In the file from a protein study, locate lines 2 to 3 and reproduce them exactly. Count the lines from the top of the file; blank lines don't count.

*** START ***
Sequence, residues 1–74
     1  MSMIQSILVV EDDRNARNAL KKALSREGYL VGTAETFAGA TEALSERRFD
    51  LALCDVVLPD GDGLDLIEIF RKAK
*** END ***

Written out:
     1  MSMIQSILVV EDDRNARNAL KKALSREGYL VGTAETFAGA TEALSERRFD
    51  LALCDVVLPD GDGLDLIEIF RKAK